The inherent problem though with utilizing overt physical coping mechanisms is the fact that it often results in awkward social situations wherein people regard such actions as weird, strange, baffling, or the equivalent thereof which may lead to a certain degree of social isolation. To resolve this issue the physical coping activity will attempt to develop internalized or subvert methods of coping that are not overtly obvious to enable children to develop the habit of displaying an external appearance of calmness despite being stressed by a given situation.

In this activity children will be arranged in a classroom formation with the teacher at the head of the group and all of them will be presented with a series of slides, clips, videos, etc. that depict a variety of stressful situations. The teacher will then ask the children one by one what they feel regarding a particular situation and how do they cope with such actions. The responses of the children will be correlated with data provided beforehand by the parents to create an overview of how particular children adapt to stressful situations in an overt fashion.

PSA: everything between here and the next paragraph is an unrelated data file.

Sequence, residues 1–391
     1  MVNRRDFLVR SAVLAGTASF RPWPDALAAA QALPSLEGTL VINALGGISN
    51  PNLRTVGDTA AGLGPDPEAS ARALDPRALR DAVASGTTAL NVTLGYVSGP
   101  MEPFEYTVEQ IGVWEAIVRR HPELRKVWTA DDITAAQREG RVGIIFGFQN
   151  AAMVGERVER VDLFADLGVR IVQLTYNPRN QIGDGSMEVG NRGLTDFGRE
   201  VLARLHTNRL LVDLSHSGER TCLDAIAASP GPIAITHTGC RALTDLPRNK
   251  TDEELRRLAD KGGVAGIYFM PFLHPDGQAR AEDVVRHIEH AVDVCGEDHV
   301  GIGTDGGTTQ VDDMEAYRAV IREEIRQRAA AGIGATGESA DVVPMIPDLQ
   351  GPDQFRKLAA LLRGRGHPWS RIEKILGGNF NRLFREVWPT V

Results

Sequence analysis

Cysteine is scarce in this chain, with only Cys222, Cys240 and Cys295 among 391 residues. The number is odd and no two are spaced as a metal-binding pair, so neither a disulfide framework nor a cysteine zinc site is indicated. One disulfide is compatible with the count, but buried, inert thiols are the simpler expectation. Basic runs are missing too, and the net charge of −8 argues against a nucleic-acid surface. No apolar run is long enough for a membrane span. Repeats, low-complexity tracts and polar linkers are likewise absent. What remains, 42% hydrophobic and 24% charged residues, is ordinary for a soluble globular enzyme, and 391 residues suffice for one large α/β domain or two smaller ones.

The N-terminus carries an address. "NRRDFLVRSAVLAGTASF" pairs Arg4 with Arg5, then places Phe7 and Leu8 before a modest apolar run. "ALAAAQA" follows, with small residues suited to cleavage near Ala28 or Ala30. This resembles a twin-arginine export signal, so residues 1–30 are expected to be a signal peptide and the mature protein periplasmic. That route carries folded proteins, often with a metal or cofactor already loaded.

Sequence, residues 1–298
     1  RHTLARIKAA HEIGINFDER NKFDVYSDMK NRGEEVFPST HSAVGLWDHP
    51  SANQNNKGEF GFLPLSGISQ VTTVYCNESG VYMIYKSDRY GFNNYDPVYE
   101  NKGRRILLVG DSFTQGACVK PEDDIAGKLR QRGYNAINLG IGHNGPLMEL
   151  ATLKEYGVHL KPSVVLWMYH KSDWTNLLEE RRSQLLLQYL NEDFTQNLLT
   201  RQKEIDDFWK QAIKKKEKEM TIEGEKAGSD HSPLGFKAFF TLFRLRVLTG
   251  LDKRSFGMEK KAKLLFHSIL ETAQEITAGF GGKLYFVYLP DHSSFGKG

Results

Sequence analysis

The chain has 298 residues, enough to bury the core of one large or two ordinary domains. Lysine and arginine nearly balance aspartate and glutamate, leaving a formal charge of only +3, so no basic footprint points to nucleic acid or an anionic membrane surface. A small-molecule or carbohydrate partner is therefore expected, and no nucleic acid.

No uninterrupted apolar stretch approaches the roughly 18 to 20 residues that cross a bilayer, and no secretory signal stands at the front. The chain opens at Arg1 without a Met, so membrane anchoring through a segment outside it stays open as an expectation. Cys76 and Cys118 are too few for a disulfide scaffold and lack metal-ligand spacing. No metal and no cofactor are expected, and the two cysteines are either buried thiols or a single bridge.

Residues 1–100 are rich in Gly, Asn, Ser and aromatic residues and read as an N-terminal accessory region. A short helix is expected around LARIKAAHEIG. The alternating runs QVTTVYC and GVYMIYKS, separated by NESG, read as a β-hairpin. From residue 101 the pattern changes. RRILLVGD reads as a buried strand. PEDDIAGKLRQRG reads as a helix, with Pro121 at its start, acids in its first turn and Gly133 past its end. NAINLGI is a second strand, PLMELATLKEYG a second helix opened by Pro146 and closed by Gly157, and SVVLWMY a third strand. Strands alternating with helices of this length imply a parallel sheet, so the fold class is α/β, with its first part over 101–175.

After getting a “feel” for how the children respond to particular situations the goal is then to help the children deal with stress in an internalized fashion through various stages. The first stage is to help children understand that external means of physical coping mechanisms can be considered socially awkward and will not help them adapt to society. The second stage is to help them devise a way to cope with stress in a subversive fashion this can come in the form of memorizing a poem and remembering it when a particularly stressful situation comes up, holding ones breathe, closing one’s eyes for a few seconds or any form of behavior that can be used as an “anchor” so to speak to help them nearly deal with stress.